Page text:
Thursday, November 14, 2013

heiteiv eitiv imach -- a conduit of goodness

Ya'akov was fearful of his encounter with Eisav despite Hashem’s previous promises of protection.  At the opening of our parsha Ya’akov says, "Katonti m'kol hachassadim," which Rashi explains to me that he worried shema yigrom hacheit, maybe he had sinned and was not worthy.   Yet, he then continues, "V'atah amarta heiteiv eiitiv imach..." reminding Hashem that he had promised Ya’akov protection.  Ramban asks: if Rashi is right that Ya'akov was worried shema yigrom hacheit, then what good is mentioning the promise of "heiteiv eitiv imach...?"  He thought he wasn't worthy of that promise?!

Imagine a guy sitting in yeshiva who has a mussar seder just before ma’ariv.  During that seder he engages in deep introspection and comes face to face with all his flaws, with all his shortcomings; he meditates on where he is now vs. where he should be.  Then he davens ma’ariv – “Refainu… Bareich aleinu…” etc.  How can the same person who spent 20 minutes thinking about how far from his ideals then turn around and start making requests from Hashem?

The question is not a question.  Tefilah has no prerequisites.  You can ask Hashem for anything and everything no matter where you are holding – in fact, that’s exactly what Hashem wants.  Does a child think about what he/she deserves before asking a parent for it?  Of course not.  So too, tefilah allows a person to approach Hashem warts and all, whether deserving or not, and ask for the world.

 Mahral explains that “katonti m’kol hachassadim” is an assessment of reality.

 “Hatzileinu na m’yad achi m’yad eisav…  v’atah amarta heitev eitiv imach” is a tefilah. 

 I would like to suggest another answer to the Ramban’s question.  Many of the meforshim struggle to explain the double-language of “heiteiv eitiv.”  The Tiferes Shlomo writes (he connects it with yichudim - I'm simplifying the point) that  Hashem promised not only that he would do good for Ya'akov, i.e. "heiteiv," but more than that, he promised "eitiv imach," I will do good with you, i.e. through you = “al yadcha” (in the Tif Shlomo’s words).  In other words, Ya'akov would be a vehicle to bring tovah to others.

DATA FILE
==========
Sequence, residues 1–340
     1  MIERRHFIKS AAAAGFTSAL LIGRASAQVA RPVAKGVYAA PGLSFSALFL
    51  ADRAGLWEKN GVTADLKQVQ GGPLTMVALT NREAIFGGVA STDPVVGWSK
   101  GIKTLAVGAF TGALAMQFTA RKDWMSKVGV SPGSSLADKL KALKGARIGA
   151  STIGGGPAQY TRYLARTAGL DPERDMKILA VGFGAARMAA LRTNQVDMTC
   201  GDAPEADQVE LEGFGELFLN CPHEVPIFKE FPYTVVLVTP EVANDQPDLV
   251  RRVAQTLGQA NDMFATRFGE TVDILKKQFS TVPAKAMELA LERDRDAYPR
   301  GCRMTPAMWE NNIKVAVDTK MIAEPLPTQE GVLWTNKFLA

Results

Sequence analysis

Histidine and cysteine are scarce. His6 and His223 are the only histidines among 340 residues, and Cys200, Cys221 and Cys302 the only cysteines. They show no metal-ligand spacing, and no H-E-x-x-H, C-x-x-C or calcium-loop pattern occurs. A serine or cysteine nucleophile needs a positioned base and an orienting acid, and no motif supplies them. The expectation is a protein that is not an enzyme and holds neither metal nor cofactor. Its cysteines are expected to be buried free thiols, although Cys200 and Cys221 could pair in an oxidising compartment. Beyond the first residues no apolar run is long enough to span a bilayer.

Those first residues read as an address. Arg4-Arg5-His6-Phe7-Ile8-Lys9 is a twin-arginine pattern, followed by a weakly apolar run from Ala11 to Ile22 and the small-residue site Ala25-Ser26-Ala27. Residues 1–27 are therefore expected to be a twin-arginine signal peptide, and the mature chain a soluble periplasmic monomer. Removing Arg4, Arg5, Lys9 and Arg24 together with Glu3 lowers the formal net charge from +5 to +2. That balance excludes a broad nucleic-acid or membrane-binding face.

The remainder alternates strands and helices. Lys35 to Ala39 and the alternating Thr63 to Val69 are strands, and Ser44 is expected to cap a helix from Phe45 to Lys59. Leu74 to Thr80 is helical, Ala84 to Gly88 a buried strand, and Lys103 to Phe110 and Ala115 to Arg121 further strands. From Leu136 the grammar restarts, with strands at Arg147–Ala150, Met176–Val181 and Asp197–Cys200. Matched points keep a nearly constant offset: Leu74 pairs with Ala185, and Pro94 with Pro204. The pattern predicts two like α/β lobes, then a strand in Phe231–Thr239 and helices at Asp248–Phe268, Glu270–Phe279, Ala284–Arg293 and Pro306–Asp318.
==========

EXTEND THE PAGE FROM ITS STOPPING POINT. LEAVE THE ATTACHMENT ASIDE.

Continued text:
When a person is by himself, even when Hashem made a promise of tovah to that individual, shema yigrom hacheit needs to be taken into consideration.     

However, when a person is a connected with others and he/she acts as a conduit of tovah to others, i.e. there is an "eitiv imach," through the individual, then apparently shema yigrom hacheit doesn't matter because any tovah Hashem gives is not a gift just to the individual, dependent on his/her personal merits, but is something that is by deifinition going to be shared and spread to all those the individual supports and encounters.

Ya'akov when speaking about himself could say, "Katontim m'kol hachassadim," but at the same time, as a husband and father, as a conduit of tovah to others, he could call on the promise of "heiteiv eitiv eimach" without worrying about being turned back by Hashem.

1 comment:

  1. Nice, so is קטנתי just a preamble like ואנכי עפר ואפר